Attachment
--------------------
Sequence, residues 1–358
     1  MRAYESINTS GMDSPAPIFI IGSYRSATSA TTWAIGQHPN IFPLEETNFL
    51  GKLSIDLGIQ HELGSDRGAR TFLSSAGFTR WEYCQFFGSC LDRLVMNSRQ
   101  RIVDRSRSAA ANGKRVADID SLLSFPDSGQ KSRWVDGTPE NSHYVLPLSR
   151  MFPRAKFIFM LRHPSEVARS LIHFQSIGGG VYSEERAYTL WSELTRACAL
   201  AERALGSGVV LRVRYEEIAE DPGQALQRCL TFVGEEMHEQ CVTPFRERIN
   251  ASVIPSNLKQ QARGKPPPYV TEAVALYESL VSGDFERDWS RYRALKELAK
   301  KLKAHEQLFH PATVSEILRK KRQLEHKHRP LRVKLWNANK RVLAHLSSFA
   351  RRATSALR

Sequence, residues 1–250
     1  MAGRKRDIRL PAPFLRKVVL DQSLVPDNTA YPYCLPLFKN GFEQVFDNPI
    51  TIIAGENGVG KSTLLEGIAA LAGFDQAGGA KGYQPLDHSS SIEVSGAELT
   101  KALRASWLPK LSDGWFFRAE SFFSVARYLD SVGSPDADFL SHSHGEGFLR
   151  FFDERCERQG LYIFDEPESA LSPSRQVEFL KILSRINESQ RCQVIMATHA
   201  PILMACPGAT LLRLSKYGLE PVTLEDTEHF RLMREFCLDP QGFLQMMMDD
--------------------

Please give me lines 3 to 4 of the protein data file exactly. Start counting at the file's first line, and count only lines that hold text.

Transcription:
    51  GKLSIDLGIQ HELGSDRGAR TFLSSAGFTR WEYCQFFGSC LDRLVMNSRQ
   101  RIVDRSRSAA ANGKRVADID SLLSFPDSGQ KSRWVDGTPE NSHYVLPLSR